Every interaction you have online leaves a digital footprint, such as likes, comments, posts, as well as records of online purchases and transactions. When you know where your digital footprints exist, you can work to protect them.
Be aware of what information you have publicly available.
Social media is a place where scammers can learn information about you to attempt to contact you, or worse, steal your identity. What information do you have publicly available on the web? Review your LinkedIn, Facebook and other online profiles to see if your phone number, email address, birthdate, graduation year, anniversary date or other information is publicly available. Practice caution with the information you share online, and do not provide hackers with ammunition.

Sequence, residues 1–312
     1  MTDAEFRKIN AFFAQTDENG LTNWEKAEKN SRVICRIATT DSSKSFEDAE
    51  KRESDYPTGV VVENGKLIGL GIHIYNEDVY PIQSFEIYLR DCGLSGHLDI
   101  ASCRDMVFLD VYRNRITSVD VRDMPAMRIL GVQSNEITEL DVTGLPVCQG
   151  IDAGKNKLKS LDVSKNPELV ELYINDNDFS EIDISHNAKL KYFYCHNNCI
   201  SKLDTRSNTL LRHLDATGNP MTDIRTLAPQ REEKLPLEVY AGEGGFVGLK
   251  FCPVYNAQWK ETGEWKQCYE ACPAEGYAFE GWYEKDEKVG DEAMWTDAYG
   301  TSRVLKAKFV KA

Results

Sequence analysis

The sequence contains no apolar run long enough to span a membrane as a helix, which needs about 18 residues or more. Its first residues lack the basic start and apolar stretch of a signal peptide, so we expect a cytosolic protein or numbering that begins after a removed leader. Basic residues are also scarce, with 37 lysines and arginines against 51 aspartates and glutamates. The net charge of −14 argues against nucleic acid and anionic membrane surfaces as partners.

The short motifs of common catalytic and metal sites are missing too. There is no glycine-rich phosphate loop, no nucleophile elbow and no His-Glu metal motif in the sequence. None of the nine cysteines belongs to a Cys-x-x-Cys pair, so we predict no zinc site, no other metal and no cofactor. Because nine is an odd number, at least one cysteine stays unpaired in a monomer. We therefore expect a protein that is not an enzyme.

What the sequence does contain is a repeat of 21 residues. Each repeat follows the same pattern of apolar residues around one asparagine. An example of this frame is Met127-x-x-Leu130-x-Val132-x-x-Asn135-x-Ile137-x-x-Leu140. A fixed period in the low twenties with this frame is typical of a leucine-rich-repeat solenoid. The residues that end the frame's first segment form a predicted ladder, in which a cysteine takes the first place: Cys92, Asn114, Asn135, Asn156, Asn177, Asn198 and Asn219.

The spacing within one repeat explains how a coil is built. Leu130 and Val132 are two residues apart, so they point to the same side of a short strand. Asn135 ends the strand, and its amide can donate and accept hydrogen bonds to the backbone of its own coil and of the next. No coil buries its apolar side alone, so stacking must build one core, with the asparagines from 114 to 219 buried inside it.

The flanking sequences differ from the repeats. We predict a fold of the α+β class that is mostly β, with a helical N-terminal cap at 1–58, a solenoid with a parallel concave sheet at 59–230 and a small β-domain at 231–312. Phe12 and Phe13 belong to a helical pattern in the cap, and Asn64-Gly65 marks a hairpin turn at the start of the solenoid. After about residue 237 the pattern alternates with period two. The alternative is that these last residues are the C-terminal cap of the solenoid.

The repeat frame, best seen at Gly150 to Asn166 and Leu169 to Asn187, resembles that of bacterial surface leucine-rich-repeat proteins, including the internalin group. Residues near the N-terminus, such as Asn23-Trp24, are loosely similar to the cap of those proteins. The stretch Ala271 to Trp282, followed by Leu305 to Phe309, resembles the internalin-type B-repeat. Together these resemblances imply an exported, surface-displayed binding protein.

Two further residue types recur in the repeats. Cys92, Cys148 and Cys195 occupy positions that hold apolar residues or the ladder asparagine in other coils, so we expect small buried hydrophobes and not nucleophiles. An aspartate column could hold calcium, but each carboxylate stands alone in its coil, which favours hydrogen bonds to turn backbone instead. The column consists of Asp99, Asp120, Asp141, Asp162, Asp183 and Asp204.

If you don’t use it, delete it.
If you have an app installed on your smartphone or a software application on your computer that you do not use, delete it. When apps go unopened or unused, they may not receive security updates and patches. Review the apps installed on your smartphone, and delete anything you do not regularly use.
Be careful who you trust.
Do not let accounts you seldom use store your information. OIT offers LastPass for free — a secure password management tool. Rather than letting a browser or website remember your information, trust it to LastPass.
Review your settings.
For apps you do use regularly, review your security and privacy settings. Privacy settings can sometimes be changed by an app developer. Whenever you perform an operating system upgrade, take a moment to review your security settings.
October is National Cybersecurity Awareness Month. OIT is posting cyber safety tips throughout the month. For more information about UA cybersecurity practices, visit the OIT website.